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Survey Report

Insurance Marketplace Realities 2024 – Special contingency risks: kidnap and ransom

November 9, 2023

The special risks insurance markets have almost uniformly removed all cyber extortion coverage from their policy forms.
Credit and Political Risk|Financial, Executive and Professional Risks (FINEX)
Rate predictions: Special contingency risks – Kidnap and ransom
  Trend Range
Special contingency risks Neutral Decrease Increase (flat purple line, arrow pointing up and down) -5% to +10%

The pandemic has so far not had a direct impact on this insurance sector, but it is changing the nature of the risk.

  • As restrictions and lockdowns have eased, the incidence of kidnap activity has returned to pre-COVID-19 levels in several countries. While the decline in international travel has led to a perceived reduction in risk, our data shows an increase in the numbers of local nationals kidnapped.
  • Moreover, criminals have continued to invest in schemes, such as virtual kidnaps (an alleged kidnap has occurred with a quick ransom), to exploit the current environment and maintain a cashflow to fund further illicit operations.
  • Cyber extortion has also continued unabated, as many technology-related crimes are not impacted by lockdowns or reductions in social and business interaction. Indeed, the steep rise in people working from home has presented cyber criminals a wider range of softer targets.
  • Many believe that the economic downturn and financial impact of COVID-19 could lead to increased security threats and higher rates of criminality globally as groups/individuals become more desperate.

Insurers are maintaining coverage restrictions or exclusions for Russia, Ukraine and Belarus.

  • As a result of the crisis in Ukraine and the imposition of sanctions against Russia and against certain elements in Belarus and parts of Ukraine, insurers have introduced coverage exclusions.
  • The exclusions apply to programs with historic, actual or anticipated employee headcount or travel exposure in/to those countries.
  • The scope of coverage exclusions has varied by insurers, ranging from blanket exclusions across the entire program to exclusions under selected endorsements only.

Interest in active assailant coverage is growing.

  • In addition to the traditional K&R policies, the special risks market continues to develop and promote policies that respond to a broader range of security-related perils.
  • We have seen special risks insurers, as well as other specialty insurers, show greater interest in active assailant coverage and offer increasingly customized solutions (either via endorsement or stand-alone policies) with a focus on post-incident crisis management support, legal liability, business interruption (because of both physical and non-physical damage) and indemnification of a variety of incident-related expenses.
  • These solutions go beyond traditional terrorism and/or political violence coverage and are increasingly being used to complement traditional policies.


Willis Towers Watson hopes you found the general information provided in this publication informative and helpful. The information contained herein is not intended to constitute legal or other professional advice and should not be relied upon in lieu of consultation with your own legal advisors. In the event you would like more information regarding your insurance coverage, please do not hesitate to reach out to us. In North America, Willis Towers Watson offers insurance products through licensed entities, including Willis Towers Watson Northeast, Inc. (in the United States) and Willis Canada Inc. (in Canada).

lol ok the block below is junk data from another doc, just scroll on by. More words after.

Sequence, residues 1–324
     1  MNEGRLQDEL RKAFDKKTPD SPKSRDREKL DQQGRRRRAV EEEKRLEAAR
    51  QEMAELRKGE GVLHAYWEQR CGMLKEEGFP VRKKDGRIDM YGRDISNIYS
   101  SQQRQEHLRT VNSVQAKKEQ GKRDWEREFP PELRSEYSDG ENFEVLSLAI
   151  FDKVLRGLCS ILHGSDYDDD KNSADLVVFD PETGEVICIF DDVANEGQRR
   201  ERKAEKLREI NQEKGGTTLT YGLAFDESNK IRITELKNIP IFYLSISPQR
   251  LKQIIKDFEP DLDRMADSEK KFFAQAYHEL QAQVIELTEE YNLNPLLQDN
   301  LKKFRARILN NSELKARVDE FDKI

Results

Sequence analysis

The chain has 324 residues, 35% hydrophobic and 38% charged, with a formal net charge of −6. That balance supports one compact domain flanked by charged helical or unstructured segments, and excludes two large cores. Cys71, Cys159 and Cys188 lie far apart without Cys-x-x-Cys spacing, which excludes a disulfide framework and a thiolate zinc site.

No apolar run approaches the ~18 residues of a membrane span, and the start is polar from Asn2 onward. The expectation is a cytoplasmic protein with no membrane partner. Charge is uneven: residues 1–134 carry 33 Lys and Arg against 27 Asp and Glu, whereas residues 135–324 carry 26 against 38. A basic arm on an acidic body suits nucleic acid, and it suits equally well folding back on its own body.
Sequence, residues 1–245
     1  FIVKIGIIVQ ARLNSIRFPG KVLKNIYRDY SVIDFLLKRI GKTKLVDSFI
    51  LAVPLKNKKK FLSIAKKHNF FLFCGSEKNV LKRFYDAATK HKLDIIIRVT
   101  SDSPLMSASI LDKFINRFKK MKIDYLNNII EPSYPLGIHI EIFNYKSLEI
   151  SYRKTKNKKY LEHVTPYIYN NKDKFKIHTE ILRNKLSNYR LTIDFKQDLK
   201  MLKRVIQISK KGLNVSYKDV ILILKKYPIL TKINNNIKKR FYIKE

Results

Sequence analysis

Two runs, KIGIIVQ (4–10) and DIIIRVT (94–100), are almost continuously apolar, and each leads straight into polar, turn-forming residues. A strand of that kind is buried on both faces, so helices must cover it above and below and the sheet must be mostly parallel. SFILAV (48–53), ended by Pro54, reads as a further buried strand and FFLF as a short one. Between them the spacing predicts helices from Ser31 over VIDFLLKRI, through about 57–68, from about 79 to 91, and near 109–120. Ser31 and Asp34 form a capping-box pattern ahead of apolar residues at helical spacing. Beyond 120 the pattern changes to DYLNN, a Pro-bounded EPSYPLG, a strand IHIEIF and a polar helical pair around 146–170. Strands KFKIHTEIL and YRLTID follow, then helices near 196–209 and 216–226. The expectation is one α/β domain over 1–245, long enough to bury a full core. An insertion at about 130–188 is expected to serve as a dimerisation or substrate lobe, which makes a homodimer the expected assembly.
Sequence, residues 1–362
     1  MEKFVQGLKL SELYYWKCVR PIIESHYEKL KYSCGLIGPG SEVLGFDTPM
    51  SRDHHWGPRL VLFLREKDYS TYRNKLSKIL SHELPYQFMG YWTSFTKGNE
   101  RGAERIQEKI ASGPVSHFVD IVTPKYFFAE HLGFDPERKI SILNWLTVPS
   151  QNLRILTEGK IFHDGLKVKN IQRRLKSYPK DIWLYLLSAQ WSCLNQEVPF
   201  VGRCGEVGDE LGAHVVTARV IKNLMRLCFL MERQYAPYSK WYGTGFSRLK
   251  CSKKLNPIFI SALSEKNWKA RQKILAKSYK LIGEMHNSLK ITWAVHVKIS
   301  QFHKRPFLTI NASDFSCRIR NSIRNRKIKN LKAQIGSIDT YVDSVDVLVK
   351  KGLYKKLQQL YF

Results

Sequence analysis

Each applicable policy of insurance must be reviewed to determine the extent, if any, of coverage for losses relating to the Ukraine crisis. Coverage may vary depending on the jurisdiction and circumstances. For global client programs it is critical to consider all local operations and how policies may or may not include coverage relating to the Ukraine crisis. The information contained herein is not intended to constitute legal or other professional advice and should not be relied upon in lieu of consultation with your own legal and/or other professional advisors. Some of the information in this publication may be compiled by third-party sources we consider reliable; however, we do not guarantee and are not responsible for the accuracy of such information. We assume no duty in contract, tort or otherwise in connection with this publication and expressly disclaim, to the fullest extent permitted by law, any liability in connection with this publication. Willis Towers Watson offers insurance-related services through its appropriately licensed entities in each jurisdiction in which it operates. The Ukraine crisis is a rapidly evolving situation and changes are occurring frequently. Willis Towers Watson does not undertake to update the information included herein after the date of publication. Accordingly, readers should be aware that certain content may have changed since the date of this publication. Please reach out to the author or your Willis Towers Watson contact for more information.


Philipp Seel
Director, Head of Special Risks North America
Special Contingency Risks, Inc.

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